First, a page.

More than 1.6 billion websites are out there, and more than a 100,000 new domain names are registered each day. Most of those websites aren’t that important: Many lie dormant, having not been updated in years, and others are niche sites that are visited by few, if any, people. But a few sites stand out from the rest by nature of their popularity and importance. And no site is as important as Google.
Google’s incredible power
Google wasn’t the first website; in fact, it couldn’t have been. Google set out to solve the fact that there were so many websites and so few ways for internet users to find what they were looking for. Google, along with other early search engines, solved that by letting users input search terms or ask questions in its search box. Google would then generate a list of links to sites that it thought the user would want to see. Google wasn’t the only site doing this, but it was the best: It left ads off of its simple homepage and gained a reputation for accurate and efficient searching.
Eventually, Google’s competition began to crumble. Today, Google has a stranglehold on the search engine market. By some reports, Google has as much as 90 percent of the search engine market. Its closest competitor, Microsoft’s Bing, has only about 3 percent.
And Google has only grown more powerful over time. Its progress in local search, along with the rise of smartphones, has made Google search results extremely important even to the local institutions and businesses that could once safely ignore the big, international internet. Today, local search results are the new Yellow Pages. Businesses can’t afford to ignore their rankings with Google.
Making Google work for your business
Even the most local of businesses must have a presence in Google search results to keep bringing in customers. With smartphone use as widespread as it is, bad rankings could mean that your customers will drive or walk right by you as they follow Google Maps directions to a better-ranking competitor. You need Google to work for you, not against you. But how can you do that?
The answer is something called “search engine optimization,” or “SEO” for short. You have probably heard of SEO, even if you’re not quite sure what it is or what it entails. Ultimately, say the SEO experts at LinkGraph, SEO is a conceptually simple thing that is hard to do in practice. The simple idea is this: You want Google and the other search engines to like your business’ website as much as possible, so you should make sure that you’re doing whatever you can to optimize your web presence for Google’s consumption.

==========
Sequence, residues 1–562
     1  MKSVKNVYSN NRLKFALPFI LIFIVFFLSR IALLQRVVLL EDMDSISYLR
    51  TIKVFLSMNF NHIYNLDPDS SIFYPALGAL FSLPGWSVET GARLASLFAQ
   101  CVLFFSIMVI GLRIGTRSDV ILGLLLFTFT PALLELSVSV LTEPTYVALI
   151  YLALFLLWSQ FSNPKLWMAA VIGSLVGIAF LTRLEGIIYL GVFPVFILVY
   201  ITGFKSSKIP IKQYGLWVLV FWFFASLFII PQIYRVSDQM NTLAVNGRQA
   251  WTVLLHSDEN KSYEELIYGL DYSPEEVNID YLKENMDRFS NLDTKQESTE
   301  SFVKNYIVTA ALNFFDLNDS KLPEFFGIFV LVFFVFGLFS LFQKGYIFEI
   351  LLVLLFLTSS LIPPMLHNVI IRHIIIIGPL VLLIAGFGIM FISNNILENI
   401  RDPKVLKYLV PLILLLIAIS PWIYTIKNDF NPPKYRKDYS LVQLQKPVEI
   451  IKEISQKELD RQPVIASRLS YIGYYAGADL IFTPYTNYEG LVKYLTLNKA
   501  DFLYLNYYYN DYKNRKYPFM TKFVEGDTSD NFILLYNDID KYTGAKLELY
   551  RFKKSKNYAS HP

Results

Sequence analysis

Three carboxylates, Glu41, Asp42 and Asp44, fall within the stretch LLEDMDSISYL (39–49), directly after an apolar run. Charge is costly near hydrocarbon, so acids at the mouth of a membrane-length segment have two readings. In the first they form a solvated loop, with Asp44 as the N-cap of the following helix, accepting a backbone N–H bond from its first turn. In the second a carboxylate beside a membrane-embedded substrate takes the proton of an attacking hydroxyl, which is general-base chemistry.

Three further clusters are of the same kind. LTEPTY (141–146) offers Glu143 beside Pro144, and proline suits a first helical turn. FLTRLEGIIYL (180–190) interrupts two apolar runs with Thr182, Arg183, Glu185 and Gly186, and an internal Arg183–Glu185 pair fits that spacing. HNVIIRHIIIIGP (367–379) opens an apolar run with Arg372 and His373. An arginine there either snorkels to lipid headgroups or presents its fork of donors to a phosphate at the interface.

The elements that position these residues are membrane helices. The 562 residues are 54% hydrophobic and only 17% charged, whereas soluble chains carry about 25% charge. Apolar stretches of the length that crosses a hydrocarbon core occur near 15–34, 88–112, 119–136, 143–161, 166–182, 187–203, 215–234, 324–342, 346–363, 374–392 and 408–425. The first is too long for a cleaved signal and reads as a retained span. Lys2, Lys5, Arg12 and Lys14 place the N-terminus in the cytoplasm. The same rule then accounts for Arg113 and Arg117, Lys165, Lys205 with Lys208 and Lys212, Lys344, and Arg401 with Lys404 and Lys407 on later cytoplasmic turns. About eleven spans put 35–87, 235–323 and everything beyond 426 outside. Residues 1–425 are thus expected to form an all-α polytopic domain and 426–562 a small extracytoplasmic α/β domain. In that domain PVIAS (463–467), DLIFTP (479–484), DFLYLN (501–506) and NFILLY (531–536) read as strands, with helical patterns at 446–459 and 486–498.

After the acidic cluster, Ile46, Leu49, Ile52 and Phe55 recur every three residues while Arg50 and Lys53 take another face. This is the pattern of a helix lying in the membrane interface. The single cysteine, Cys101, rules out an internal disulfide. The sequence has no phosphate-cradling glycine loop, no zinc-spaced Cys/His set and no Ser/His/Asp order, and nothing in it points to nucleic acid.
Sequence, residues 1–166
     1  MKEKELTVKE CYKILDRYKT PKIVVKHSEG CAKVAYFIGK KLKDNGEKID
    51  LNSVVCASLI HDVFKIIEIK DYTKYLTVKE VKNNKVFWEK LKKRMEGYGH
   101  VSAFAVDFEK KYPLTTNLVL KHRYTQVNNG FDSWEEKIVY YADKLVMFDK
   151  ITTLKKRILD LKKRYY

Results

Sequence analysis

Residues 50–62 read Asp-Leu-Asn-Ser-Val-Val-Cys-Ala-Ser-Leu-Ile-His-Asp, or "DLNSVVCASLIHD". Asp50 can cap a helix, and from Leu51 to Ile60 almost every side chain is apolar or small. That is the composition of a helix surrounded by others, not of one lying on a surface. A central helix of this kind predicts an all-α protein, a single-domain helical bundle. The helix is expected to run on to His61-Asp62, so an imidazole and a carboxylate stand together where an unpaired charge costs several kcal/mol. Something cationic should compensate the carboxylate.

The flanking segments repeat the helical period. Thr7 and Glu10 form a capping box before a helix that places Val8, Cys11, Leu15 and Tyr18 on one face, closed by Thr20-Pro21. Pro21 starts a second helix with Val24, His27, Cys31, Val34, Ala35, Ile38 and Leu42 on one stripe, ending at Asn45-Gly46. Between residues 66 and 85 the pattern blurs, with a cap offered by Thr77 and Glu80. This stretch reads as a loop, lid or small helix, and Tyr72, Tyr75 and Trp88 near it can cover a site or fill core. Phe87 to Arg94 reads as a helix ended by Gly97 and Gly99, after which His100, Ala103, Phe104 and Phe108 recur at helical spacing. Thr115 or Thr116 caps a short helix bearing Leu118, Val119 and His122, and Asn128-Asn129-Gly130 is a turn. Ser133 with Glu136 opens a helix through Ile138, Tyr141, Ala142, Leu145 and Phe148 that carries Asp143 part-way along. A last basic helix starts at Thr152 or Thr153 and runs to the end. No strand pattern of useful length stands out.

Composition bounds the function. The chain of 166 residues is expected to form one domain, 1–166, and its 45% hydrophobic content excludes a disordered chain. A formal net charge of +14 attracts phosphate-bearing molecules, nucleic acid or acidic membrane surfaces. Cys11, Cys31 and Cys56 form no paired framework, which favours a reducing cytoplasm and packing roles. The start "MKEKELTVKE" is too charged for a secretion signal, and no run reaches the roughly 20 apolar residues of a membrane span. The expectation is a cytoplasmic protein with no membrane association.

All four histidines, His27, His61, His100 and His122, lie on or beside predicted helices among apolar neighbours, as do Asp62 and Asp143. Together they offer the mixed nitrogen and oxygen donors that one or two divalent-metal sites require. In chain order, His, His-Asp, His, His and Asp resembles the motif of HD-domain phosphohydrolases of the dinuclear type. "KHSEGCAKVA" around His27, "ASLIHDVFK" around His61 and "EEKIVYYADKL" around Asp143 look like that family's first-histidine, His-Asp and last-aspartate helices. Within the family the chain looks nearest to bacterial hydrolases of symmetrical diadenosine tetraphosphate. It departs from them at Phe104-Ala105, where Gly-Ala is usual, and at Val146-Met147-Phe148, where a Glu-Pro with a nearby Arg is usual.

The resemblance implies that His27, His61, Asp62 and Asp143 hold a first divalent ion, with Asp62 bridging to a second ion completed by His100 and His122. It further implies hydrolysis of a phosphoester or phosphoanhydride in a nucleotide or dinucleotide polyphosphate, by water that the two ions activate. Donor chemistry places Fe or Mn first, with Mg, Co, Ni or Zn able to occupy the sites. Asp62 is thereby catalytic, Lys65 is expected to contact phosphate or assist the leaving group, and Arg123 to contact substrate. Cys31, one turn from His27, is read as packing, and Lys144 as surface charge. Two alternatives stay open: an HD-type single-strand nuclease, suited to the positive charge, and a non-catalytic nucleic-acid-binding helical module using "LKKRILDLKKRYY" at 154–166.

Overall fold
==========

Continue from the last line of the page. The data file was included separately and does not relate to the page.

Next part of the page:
In practice, this means everything from link-building tactics to careful copywriting that strikes the perfect keyword density for every relevant search phrase (and all of their alternately worded permutations) that potential customers might use to find businesses like yours. It means getting into your website’s HTML code and making sure that your links are properly set up (and, when necessary, hidden from Google), your metadata and file names worded properly, and your site map readily accessible to search engines’ web crawlers.
Naturally, these aren’t things that most small business owners instinctively know how to do. It takes years of training and practice to master the art and the science of search engine optimization, which is why you should consider outsourcing the job to experts in digital marketing and SEO.
With the right professionals helping you out, you can rest assured that your rank with Google will rise and your customer base will expand. Meanwhile, you’ll have time to focus on what you do best. Hire the right team, and make Google work for you.